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About Autism

What is Autism?

Autism Spectrum Disorder (ASD) is a developmental disorder. Infants with Autism generally have no distinguishing features due to their disability and appear completely normal. However, parents often relate feelings that there was something not quite right about their childs development sometime around or following their second birthday (sometimes earlier). This may result from an absence of spoken language, because of unusual play behaviour, or extreme outbursts in response to a change in routine. Some parents have also identified that their child lacked eye contact or sometimes appeared deaf. Autism is characterised by delays or abnormal functioning in social interaction and communication, an absence of symbolic and imaginative play skills and the presence of repetitive and stereotypic behaviour.


Diagnosis is generally made by a Paediatrician experienced with Autism after parent/carer interviews and observations of the child interacting with toys and other people. Additional testing by a Speech Pathologist, Occupational Therapist and Audiologist may be required to rule out conditions other than Autism and evaluate present skills. As one of the hallmarks of Autism is the impairment of communication skills, it can be very difficult to test the intelligence level of Children with Autism and testing their cognitive abilities is often nearly impossible. It is estimated half the population with Autism may never speak. However, many people with Autism are frequently quite intelligent, but may appear to function as intellectually impaired due to their communication difficulties.

What are the symptoms?

The symptoms of Autism can vary widely from one individual to the next. Autism is referred to as a spectrum disorder because it ranges in severity across a wide range of conditions including Asperger Syndrome and High Functioning Autism. The severe form of the syndrome may include severe self injurious, repetitive, highly unusual and aggressive behaviour.

A diagnosis of Autism is based on the presence of a cluster of observable behavioural symptoms and lack of skills in particular areas of functioning. To receive a diagnosis of Autism Spectrum Disorder a person must exhibit symptoms from all of the following areas: [1]

  1. Impairments in social interaction, as manifested by at least two of the following:

  • marked impairment in the use of nonverbal behaviors such as eye-to-eye gaze, facial expressions, body postures, and gestures as part of their social interaction;

  • failure to develop peer relationships appropriate to developmental level;

  • a lack of spontaneous seeking to share enjoyment, interests, or achievements with other people (e.g., by a lack of showing, bringing, or pointing out objects of interest);

  • lack of social or emotional reciprocity.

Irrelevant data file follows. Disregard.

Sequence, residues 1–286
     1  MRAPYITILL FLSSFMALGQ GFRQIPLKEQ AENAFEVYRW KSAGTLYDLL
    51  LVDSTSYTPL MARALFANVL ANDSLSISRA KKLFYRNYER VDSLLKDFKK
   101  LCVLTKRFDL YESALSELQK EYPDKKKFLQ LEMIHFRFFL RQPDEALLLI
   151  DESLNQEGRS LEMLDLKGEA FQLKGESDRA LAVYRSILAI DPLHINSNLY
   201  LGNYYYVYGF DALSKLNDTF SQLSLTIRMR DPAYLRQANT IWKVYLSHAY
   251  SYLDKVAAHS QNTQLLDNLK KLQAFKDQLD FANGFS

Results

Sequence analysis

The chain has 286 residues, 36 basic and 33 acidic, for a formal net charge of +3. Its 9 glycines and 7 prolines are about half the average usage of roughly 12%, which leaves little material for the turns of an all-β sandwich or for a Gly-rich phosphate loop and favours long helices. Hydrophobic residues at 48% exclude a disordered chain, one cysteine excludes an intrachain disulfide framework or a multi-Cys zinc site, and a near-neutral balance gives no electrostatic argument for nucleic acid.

1. Impairments in communication, as manifested by at least one of the following:

  • delay in, or total lack of, the development of spoken language (not accompanied by an attempt to compensate through some other method of communication such as gesture or mime);

  • in individuals with adequate speech, marked impairment in the ability to initiate or sustain a conversation with others;

  • stereotyped and repetitive use of language or idiosyncratic language;

  • lack of varied, spontaneous make-believe play or social imitative play appropriate to developmental level.

  1. Restricted repetitive and stereotyped patterns of behavior, interests, and activities, as manifested by at least one of the following:

  • encompassing preoccupation with one or more stereotyped and restricted patterns of interest that is abnormal either in intensity or focus;

  • apparently inflexible adherence to specific, nonfunctional routines or rituals;

  • stereotyped and repetitive motor mannerisms (e.g. hand or finger flapping or twisting, or complex whole body movements);

  • persistent preoccupation with parts of objects.

In addition, delays or abnormal functioning in at least one of the following areas, with onset prior to age three years must also be present:

  1. social interaction;

  2. language as used in social communication; or

  3. symbolic or imaginative play.

It is also important to rule out Rett's Disorder or Childhood Disintegrative Disorder as the possible cause of these symptoms.


The above information is intended as a general reference only and should not be used to diagnose an individual child. If you suspect your child may have Autism or is developmentally delayed, consult your child's Paediatrician as soon as possible.

[1] This information has been adapted from the Diagnostic Criteria for 299.00 Autistic Disorder sourced from The American Psychiatric Association: Diagnostic and Statistical Manual of Mental Disorders, Fourth Edition, Washington DC, American Psychiatric Association, 1994.

What is the chance your child will be diagnosed with Autism?

The incidence numbers vary depending upon what text you are reading and can range from 2-4 per 10,000 births (0.02-0.04 %) to 15 per 10,000 births (0.15 %). However, recent overseas reports suggest as many as 1 per 100 births (1%).

A press release distributed by Autism Queensland dated 4 March 1998 gave the incidence at "1 in 500 births" (0.2 %).

In a recent Australian Bureau of Statistics report the estimated number of births in Queensland in 1997/98 was 46,904. This means approximately 94 children with Autism are born in Queensland each year using the incidence rate of "1 in 500".